Karen Bonanno

Karen Bonanno

As the triple-digit summer temperatures settle over Kern County, workplace talk often turns to dress codes and some employees who seem to stretch the limits of acceptable “cool” attire. Is it time to dust off the old dress code, or review it to ensure it’s legal and defensible?

The answer is both. Employers can set standards for what is appropriate workplace dress. But those standards must not discriminate against employees on the basis of sex, gender identity, including transgender employees and employees in transition, religion, race and physical disabilities.

A bill that received overwhelming support in the California Legislature demonstrates how carefully employers must tread as they move to regulate workers’ appearances.

Sen. Holly J. Mitchell, D-Los Angeles, is the author of SB 188, commonly called the CROWN Act (Create a Respectful and Open Workplace for Natural Hair.) The bill proposes to make California one of the first states to outlaw workplace racial discrimination based on hairstyles – such as braids and dreadlocks.

The bill comes in the wake of a high-profile incident last year in which a 16-year-old New Jersey high school varsity wrestler was told by a referee that he would have to cut his dreadlocks or forfeit his match. The teen complied, but his story went viral, backlashed on the referee and brought hairstyle discrimination to the forefront.

There have been many incidents in California and across the nation in which students have been banned from classrooms or events because of the length of their hair or hair styles. Decades of “tradition” have forced African-American women to use harsh straightening products on their hair and men to keep their hair cut short to comply with employers’ enforcement of “European standards.”

Mitchell’s bill notes the historical double standard enforced in the workplace in terms of how black employees are expected to wear their hair, compared to their white colleagues. Basically, non-white workers have been forced to conform to a Euro-centric aesthetic.

But it’s not just grooming standards that can trip up employers who desire to project a company “image” through the way their workers dress. Employers may be intentionally, or unconsciously discriminating through dress code requirements.

Dress codes should be reasonable, defensible and equitably applied. Is a strict dress code appropriate for a workplace, or would more flexibility boost worker morale, creativity and willingness to collaborate? That depends on the workplace and the workers. But it is a question worth asking and the answer is worth considering.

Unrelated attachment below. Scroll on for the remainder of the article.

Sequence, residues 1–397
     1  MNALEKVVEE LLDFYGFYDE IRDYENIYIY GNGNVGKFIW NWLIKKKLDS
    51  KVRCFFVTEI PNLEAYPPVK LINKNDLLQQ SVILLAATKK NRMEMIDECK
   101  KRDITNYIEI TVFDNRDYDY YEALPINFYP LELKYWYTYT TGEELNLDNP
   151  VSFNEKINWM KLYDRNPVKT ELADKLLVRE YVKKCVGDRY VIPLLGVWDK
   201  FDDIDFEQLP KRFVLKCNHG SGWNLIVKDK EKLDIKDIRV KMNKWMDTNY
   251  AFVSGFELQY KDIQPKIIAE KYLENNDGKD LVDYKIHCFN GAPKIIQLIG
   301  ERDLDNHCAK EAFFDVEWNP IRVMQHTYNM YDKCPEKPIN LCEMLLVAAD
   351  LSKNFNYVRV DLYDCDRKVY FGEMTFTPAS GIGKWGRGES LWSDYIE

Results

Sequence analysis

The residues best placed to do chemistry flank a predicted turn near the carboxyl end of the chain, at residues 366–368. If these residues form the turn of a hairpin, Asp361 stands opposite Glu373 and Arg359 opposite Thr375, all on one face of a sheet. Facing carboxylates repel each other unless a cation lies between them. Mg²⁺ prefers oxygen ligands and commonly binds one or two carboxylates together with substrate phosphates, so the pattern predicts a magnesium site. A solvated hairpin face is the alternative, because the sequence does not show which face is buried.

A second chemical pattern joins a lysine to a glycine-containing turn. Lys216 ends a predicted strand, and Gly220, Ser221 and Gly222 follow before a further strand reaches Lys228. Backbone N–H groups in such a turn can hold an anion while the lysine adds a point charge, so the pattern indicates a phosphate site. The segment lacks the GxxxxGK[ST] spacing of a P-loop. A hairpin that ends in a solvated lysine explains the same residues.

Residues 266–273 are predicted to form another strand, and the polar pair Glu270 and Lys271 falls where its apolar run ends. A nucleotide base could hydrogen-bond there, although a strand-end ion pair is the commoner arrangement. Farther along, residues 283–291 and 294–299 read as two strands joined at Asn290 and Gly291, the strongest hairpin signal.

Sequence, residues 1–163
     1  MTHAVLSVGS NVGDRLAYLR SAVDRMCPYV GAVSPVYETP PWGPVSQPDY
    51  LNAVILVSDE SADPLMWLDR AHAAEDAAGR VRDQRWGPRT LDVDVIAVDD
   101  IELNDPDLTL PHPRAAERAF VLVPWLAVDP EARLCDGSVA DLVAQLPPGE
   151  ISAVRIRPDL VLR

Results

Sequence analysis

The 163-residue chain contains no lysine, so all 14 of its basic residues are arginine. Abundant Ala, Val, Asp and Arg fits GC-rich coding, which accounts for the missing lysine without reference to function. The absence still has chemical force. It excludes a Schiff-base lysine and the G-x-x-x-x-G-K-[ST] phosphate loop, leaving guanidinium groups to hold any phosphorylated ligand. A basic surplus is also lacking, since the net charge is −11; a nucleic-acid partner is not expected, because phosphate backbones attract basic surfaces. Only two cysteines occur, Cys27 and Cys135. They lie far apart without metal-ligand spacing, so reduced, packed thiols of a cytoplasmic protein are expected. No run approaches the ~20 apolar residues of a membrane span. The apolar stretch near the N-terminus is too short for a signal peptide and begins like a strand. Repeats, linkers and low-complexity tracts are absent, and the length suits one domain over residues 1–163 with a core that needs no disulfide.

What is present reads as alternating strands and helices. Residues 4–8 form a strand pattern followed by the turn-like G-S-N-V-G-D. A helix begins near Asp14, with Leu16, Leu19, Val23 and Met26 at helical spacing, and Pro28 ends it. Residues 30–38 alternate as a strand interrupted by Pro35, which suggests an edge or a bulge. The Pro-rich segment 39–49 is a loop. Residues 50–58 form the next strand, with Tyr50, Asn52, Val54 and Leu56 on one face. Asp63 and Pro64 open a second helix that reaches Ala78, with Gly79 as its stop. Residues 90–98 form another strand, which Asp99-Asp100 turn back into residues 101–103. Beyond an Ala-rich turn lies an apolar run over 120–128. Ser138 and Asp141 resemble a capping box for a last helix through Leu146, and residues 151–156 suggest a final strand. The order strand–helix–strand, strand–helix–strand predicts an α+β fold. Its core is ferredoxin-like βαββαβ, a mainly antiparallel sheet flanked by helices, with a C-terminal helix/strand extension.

Just this spring, financial giant Goldman Sachs made headlines when it announced that suits and ties were now optional. Long known for its prime and polished employees, the company’s announcement embraced a widespread change that is occurring in the nation’s workplaces.

But it’s not just changing trends that are causing employers to reconsider their dress codes. It is changing laws and court rulings. Every aspect of a workplace dress code must be examined as to how it affects workers and if it discriminates.

Safety is a “defensible and reasonable” standard. Some workplaces legitimately ban wearing jewelry or require closed-toe shoes, for example.

It also is legal for businesses to have rules regarding clothing, hair, tattoos, makeup and piercing, as long as they do not discriminate based on gender, age, race or religious beliefs. For example, requiring men to cut their hair and beards, and women to wear makeup may violate religious beliefs. Banning head coverings worn by men and women also may discriminate against some workers based on their religion. Restrictions on certain clothing, hair styles or facial hair must have a strong business justification.

Accommodating workers’ disabilities must be considered when enforcing dress codes. Employees with temporary or permanent disabilities must be allowed to dress in a way that does not hinder them. Some examples include: An employee who uses a wheelchair may require slip-on shoes, rather than laced. A diabetic employee may need to wear loose-fitting pants to give access to an insulin pump. An employee with skin problems may need to wear soft clothing that does not irritate.

A dress code cannot discriminate based on race, color, national origin, gender, pregnancy, religion, disability or age. Requirements that differ between these “protected groups” must not place an undue burden on one over another.

Employers should ensure that their dress codes comply with state and federal law, as well as allow room for workers to express themselves.

Karen Bonanno is president of the Bakersfield-based human resources consulting firm P.A.S. Associates and P.A.S. Investigations. She can be contacted through her website www.PASassociates.com and through the P.A.S. Facebook page.

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